Are you "alonely" and how can you fix it?

Ever wondered what the opposite of lonely was? Meet "alonely"

woman sitting with arms crossed
(Image credit: Getty Images / Peter Griffith)

We’ve been hearing a lot about loneliness in recent months—about how loneliness is making us more creative, about how it's making people buy sex dolls for Christmas (seriously!), and about all the effects it's having on our physical and mental wellbeing. But what about the opposite? 

Are you feeling like you can’t remember the last time you were alone and you’re craving just a moment's peace from your never-ending lockdown rage, your home office, or even your significant other? Well, you’re not alone—and there’s even a term for it.

Beautiful young woman intently reading on the couch

(Image credit: Getty)

What is Aloneliness?

"Aloneliness" is a term coined to mean the opposite of lonely. It describes those who crave solitude and are being deprived of it. Recently for many of us, we’ve been unusually thrust into 24/7 living with either our families, roommates or romantic partners, and it’s causing some of us to experience aloneliness.

Virginia Thomas, Ph.D.—a psychologist whose research examines solitude and its connections to identity, personality and well-being—has explained in Psychology Today how to know if you’re alonely. If you are someone who likes solitude and aren’t getting enough of it, you might be feeling irritable, drained and overwhelmed. Dr. Thomas says that seeking alone time is a completely normal and acceptable thing to do. 

Alone time done in the right way can be beneficial—if it’s sought after by choice, in small doses and balanced with some regular socializing. If you are someone who finds it a way to unwind, reset and clear your mind, being unable to catch a moment on your own will make you feel frustrated and even burnt out.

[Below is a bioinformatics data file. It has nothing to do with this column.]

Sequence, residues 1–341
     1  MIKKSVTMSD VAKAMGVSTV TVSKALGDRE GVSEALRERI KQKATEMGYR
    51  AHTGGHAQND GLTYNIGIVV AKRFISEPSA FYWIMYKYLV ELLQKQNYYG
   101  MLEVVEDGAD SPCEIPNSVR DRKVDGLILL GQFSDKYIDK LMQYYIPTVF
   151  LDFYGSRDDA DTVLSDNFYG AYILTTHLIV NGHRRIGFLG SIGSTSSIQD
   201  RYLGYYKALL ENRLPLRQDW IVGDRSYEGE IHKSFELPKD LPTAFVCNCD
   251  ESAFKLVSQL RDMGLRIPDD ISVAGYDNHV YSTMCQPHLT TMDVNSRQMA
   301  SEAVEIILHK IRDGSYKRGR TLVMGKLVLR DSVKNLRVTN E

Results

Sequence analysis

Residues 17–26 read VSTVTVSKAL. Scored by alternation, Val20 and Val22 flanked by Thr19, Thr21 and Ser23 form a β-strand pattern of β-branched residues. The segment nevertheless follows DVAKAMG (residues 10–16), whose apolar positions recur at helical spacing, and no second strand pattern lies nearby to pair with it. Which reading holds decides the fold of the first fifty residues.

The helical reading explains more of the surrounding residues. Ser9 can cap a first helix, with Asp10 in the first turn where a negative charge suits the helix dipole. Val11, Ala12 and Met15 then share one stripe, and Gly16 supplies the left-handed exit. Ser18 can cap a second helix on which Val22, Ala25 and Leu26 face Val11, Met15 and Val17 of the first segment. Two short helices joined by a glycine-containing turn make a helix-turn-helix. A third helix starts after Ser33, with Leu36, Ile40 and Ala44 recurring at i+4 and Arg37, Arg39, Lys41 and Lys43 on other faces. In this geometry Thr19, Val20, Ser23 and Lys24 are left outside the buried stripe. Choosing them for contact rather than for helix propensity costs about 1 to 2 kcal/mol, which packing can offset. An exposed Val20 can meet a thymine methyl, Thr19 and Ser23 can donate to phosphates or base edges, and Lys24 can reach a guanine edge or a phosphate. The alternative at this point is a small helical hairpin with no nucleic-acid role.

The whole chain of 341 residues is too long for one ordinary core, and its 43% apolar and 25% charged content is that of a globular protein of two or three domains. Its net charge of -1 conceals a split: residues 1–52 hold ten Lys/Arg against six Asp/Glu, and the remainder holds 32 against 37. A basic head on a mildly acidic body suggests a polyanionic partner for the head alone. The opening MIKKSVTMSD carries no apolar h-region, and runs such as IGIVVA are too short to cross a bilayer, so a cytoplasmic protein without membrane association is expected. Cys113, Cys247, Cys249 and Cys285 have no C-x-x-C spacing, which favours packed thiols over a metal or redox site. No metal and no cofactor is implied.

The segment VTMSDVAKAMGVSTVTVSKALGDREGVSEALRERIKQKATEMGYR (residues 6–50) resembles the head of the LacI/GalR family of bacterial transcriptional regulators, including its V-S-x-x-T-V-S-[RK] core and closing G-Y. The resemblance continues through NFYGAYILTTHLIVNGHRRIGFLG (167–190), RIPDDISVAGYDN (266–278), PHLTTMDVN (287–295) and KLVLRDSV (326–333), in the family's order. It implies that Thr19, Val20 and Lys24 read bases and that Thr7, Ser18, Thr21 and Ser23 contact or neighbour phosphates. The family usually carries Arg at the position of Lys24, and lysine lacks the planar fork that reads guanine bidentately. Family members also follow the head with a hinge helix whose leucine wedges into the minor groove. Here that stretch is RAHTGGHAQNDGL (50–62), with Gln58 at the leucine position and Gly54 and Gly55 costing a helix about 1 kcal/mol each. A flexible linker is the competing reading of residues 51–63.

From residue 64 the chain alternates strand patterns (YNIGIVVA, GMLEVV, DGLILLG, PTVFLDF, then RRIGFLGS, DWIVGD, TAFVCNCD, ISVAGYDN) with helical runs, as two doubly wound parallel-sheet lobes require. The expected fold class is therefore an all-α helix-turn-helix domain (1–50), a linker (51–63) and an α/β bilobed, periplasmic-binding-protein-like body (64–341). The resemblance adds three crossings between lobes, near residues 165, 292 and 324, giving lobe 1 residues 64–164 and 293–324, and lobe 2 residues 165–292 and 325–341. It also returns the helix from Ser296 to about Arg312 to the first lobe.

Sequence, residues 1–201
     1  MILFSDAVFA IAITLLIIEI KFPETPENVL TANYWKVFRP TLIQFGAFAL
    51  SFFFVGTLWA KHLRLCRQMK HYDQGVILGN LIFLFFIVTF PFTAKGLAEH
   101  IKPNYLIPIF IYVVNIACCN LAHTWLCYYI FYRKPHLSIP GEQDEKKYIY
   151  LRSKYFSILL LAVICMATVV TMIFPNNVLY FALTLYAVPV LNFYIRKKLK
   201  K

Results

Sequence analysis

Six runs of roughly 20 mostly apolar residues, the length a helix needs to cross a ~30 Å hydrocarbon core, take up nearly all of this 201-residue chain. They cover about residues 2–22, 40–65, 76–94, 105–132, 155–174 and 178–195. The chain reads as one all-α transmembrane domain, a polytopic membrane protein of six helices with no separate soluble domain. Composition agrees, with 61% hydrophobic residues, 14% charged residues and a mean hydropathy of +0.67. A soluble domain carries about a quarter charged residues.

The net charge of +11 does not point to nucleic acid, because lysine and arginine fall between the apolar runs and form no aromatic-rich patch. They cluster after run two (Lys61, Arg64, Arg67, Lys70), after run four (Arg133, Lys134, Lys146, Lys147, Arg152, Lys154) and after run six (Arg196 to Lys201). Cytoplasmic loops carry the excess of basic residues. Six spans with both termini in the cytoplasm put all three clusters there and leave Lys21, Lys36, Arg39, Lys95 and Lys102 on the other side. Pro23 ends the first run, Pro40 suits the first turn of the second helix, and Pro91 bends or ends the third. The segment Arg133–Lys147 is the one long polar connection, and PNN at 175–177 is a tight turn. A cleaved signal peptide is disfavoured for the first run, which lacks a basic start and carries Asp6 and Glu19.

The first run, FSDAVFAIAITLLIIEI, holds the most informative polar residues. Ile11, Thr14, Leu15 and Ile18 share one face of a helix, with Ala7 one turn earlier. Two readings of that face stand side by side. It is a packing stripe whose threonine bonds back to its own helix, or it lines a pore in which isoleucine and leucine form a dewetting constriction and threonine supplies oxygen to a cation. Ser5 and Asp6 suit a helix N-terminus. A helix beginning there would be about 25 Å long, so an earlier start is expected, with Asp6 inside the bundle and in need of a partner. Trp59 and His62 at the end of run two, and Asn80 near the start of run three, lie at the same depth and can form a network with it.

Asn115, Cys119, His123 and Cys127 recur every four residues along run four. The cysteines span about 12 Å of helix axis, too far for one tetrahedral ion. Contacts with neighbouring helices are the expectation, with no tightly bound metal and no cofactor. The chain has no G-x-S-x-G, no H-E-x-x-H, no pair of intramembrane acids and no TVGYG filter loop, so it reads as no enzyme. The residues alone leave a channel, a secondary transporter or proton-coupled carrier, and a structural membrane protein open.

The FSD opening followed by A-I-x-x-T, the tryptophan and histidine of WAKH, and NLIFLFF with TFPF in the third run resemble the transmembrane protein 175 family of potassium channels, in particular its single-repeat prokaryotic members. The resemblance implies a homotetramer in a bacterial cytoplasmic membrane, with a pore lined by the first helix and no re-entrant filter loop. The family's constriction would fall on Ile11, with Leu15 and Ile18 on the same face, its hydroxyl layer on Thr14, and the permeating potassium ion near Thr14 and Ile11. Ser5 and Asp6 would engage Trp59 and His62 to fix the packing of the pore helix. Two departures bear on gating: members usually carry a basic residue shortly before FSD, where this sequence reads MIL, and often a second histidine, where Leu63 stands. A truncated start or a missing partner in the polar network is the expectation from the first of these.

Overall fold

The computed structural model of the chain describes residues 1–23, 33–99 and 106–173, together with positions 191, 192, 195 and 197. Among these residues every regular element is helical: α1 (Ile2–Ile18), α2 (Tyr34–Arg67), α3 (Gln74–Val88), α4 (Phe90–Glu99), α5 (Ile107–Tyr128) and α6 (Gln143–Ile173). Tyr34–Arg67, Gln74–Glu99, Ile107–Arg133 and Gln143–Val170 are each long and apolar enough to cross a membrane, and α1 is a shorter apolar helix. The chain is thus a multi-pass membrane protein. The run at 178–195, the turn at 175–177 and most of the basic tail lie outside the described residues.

What to do if you're alonely 

There is an easy fix to aloneliness and it is to simply be alone. In practice, however, that can be a lot harder than it sounds, especially if you live with other people, have children or are working from home. 

So researchers say to deliberately carve out and schedule some time for yourself, even if that means calling a family meeting and telling them to leave you alone for an hour. Engineering an amount of time where you know you won’t be disturbed might be just the thing to help you feel alone. 

Mixed Race woman sitting on bed meditating

(Image credit: Getty)

Thomas says that, if a lot of alone time is not realistic for you, quality over quantity may be the approach: “Even brief snatches of solitude, if spent engaging in truly pleasurable and meaningful activities, may be enough to alleviate feelings of aloneliness.” Whether it's reading a chapter of a book or some journaling for beginners, a session with one of your best meditation apps, or simply a warm bubble bath, it can be anything that makes you feel like you had some time alone with your thoughts.

As for that feeling of guilt over wanting to be by yourself, forget it. It’s normal to need a break from others. Think of your alone time as necessary self care!